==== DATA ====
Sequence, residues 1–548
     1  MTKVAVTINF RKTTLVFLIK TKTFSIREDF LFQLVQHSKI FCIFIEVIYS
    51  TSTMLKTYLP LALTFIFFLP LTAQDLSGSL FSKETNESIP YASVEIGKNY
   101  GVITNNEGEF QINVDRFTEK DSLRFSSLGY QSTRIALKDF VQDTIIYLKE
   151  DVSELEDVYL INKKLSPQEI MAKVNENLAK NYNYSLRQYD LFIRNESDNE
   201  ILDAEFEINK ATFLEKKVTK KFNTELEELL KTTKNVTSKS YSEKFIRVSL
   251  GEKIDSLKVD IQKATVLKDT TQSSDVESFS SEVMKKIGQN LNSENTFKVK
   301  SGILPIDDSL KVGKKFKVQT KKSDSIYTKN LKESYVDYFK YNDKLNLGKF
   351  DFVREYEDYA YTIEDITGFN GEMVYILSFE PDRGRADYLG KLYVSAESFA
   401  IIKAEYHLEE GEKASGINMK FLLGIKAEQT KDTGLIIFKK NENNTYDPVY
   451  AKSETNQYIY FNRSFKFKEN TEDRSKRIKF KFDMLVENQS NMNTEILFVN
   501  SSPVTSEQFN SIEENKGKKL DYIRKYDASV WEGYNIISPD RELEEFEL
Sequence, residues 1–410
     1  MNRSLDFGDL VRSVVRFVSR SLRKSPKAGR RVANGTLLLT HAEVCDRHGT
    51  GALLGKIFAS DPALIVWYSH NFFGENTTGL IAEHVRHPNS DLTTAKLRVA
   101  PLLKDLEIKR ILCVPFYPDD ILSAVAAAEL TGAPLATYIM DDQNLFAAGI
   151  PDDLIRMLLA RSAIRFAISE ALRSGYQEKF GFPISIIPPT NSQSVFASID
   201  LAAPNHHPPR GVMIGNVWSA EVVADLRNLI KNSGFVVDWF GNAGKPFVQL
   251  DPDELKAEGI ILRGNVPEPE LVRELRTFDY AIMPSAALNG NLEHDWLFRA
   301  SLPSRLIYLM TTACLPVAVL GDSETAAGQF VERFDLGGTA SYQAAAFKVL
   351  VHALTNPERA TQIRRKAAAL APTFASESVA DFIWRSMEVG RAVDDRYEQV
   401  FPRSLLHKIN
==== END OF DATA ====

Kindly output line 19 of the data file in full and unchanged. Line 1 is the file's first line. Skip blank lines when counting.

   251  DPDELKAEGI ILRGNVPEPE LVRELRTFDY AIMPSAALNG NLEHDWLFRA